It is an object of this invention to provide a scroll assembly with different wrap thicknesses.
It is another object of this invention to permit the sharpening and use of tools without compromising dimensional requirements of the machined part during the manufacturing of scroll members.
It is a further object of the invention to reduce the manufacturing time of a scroll wrap.
It is an additional object of this invention to balance the critical design aspects of manufacturing the scroll, bearing loads and leakage and achieve suitable performance of a scroll machine.
It is another object of this invention to maintain a required radial clearance or spacing in a scroll assembly by controlling the wrap thickness of both wraps. These objects, and others as will become apparent hereinafter, are accomplished by the present invention.
Basically, in the machining of the two wraps of a scroll compressor the total wrap thickness of both scrolls is maintained constant even though the wrap thicknesses are not necessarily the same. The cutting tools used are sized such that even if they differ in their cutting diameters, the combined cutting diameters of selected pairs of scroll members are constant. The result is that the individual slot width and wrap thicknesses of one scroll member may vary over predetermined range as long as the corresponding scroll member of the pair has a slot width and wrap thickness such that the combined slot widths and the wrap thicknesses are each of a constant value. The minimum clearance or spacing, if used, would also be fixed.
For a fuller understanding of the present invention, reference should be made to the following detailed description thereof taken in conjunction with the accompanying drawings wherein:
FIGS. 1-4 are schematic views sequentially illustrating the relative positions of the wraps at 90° intervals of orbit:
FIG. 5 is a sectional view taken along line 5--5 of FIG. 6:
FIG. 6 is a sectional view taken along line 6--6 of FIG. 5:
FIG. 7 is an enlarged view of a portion of FIG. 6;
FIG. 8 is a view of a tool cutting a scroll wrap; and
FIG. 9 is a sectional view of a portion of a wrap taken along line 9--9 of FIG. 8.
In FIGS. 1-4, the numeral 20 generally indicates the fixed scroll and the numeral 21 generally indicates the orbiting scroll. The chambers labeled A-M and 1-12 each serially show the suction, compression and discharge steps with chamber M being the common chamber formed at discharge 25 when the device is operated as a compressor. It will be noted that chambers 4-11 and D-K are each in the form of a helical crescent or lunette approximately 360° in extent with the two ends being points of line contact or minimum clearance between the scroll wraps. If, for example, point X in FIG. 1 represents the point of line contact or of minimum clearance separating chambers 5 and 9 it is obvious that there is tendency for leakage at this point from the high pressure chamber 9 to the lower pressure chamber 6 and that any leakage represents a loss or inefficiency. To minimize the losses from leakage, it is necessary to maintain close tolerances and to run at high speed.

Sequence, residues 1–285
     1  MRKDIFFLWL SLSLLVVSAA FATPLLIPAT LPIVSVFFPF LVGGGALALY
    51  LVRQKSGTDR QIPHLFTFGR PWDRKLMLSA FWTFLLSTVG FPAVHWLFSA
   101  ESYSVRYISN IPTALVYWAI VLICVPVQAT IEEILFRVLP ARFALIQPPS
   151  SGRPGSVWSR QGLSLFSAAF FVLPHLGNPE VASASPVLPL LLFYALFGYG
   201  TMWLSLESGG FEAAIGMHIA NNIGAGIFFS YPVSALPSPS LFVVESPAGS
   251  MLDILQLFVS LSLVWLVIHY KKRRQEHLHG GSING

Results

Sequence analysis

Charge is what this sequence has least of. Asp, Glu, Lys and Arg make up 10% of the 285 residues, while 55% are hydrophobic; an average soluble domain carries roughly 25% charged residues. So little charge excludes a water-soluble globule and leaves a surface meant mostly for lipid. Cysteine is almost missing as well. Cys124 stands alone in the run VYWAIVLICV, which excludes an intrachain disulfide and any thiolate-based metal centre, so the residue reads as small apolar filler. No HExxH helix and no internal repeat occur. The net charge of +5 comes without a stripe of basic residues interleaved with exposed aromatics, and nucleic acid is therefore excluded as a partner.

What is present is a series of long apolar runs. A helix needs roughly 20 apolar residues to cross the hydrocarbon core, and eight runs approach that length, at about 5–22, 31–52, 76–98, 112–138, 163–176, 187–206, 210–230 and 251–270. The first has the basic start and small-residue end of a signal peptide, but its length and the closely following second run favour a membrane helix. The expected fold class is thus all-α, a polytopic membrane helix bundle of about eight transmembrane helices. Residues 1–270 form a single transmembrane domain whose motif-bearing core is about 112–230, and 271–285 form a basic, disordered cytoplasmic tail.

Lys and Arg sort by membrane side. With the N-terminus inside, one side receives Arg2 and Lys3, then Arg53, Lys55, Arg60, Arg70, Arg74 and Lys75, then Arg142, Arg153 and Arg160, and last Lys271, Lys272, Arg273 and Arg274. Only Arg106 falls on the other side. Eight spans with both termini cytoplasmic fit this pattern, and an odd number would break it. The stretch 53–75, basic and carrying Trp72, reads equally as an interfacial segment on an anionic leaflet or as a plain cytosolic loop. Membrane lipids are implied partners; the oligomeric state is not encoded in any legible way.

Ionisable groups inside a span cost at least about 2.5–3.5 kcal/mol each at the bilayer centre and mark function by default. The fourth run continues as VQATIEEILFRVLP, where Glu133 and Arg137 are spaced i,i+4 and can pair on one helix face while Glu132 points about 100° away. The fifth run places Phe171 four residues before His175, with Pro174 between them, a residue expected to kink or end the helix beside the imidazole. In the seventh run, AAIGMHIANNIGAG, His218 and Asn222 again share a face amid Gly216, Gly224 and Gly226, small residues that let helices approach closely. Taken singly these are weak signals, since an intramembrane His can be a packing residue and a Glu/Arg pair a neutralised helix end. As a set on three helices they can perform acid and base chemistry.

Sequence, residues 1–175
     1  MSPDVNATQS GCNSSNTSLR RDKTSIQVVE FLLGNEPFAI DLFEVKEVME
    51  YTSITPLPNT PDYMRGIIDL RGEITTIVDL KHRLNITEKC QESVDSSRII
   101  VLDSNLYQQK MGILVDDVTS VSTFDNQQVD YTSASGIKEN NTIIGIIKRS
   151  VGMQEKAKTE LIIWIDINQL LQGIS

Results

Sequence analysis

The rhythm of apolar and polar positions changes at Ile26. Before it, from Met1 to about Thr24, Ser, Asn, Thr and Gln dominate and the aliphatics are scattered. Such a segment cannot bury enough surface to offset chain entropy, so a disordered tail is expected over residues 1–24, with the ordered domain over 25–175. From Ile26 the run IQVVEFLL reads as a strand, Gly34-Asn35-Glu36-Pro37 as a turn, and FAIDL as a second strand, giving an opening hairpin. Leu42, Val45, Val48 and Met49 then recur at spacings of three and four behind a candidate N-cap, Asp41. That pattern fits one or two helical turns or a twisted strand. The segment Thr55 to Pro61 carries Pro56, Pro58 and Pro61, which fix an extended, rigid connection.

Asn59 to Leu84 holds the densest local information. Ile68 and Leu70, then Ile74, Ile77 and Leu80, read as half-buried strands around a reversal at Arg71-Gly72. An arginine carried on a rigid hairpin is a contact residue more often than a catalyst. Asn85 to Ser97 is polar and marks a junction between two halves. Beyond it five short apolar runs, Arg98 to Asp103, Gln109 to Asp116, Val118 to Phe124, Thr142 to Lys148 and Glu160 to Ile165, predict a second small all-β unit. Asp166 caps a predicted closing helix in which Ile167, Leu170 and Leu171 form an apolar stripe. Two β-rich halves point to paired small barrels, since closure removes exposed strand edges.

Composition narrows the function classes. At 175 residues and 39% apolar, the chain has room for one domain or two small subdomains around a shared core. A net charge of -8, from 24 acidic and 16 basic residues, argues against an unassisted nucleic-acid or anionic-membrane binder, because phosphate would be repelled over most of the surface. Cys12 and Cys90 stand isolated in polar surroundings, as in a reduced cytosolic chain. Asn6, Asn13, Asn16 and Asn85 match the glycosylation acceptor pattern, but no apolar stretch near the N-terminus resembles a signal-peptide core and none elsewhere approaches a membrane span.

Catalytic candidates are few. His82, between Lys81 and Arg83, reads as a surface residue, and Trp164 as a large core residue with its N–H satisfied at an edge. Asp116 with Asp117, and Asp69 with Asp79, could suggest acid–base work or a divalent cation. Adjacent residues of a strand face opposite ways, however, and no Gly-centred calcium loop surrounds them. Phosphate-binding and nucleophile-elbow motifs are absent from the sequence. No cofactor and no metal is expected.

Again referring to FIGS. 1-4, it will be noted that there is a symmetry in that chambers 1-12 correspond to chambers A-L with a difference being that they are on opposite sides of the wraps 22 and 23. Because of this symmetry, it has been the standard practice to make both slot widths equal. However, several factors can make it desirable for the slot widths to be unequal as where the wrap is being cut on both sides at once.
Unlike single side cutting of the wrap where the tool can be moved to correct for wear and/or sharpening, double sided cutting reduces the slot width/thickens the wrap as the tool wears or is sharpened. This variable wrap thickness can be desirable under various sets of circumstances. For example it permits changes in the design of both wrap thicknesses and the radius of orbit of the crank, and, if the radius of orbit is maintained constant it permits the individual wrap thickness to vary so long as their combined thickness remains constant. The variable wrap thickness impacts manufacturing, performance and design. With respect to manufacturing, it accommodates the wear and sharpening of the cutter in a double sided cutting operation. With respect to performance, it permits the reduction of leakage by select fitting of the scroll elements to hold tolerances and to adjust the clearance or spacing. As to design, it permits the reduction of bearing loads and greater compactness by permitting different materials to be used for the scroll members to reduce the weight while providing structural integrity and material compatibility.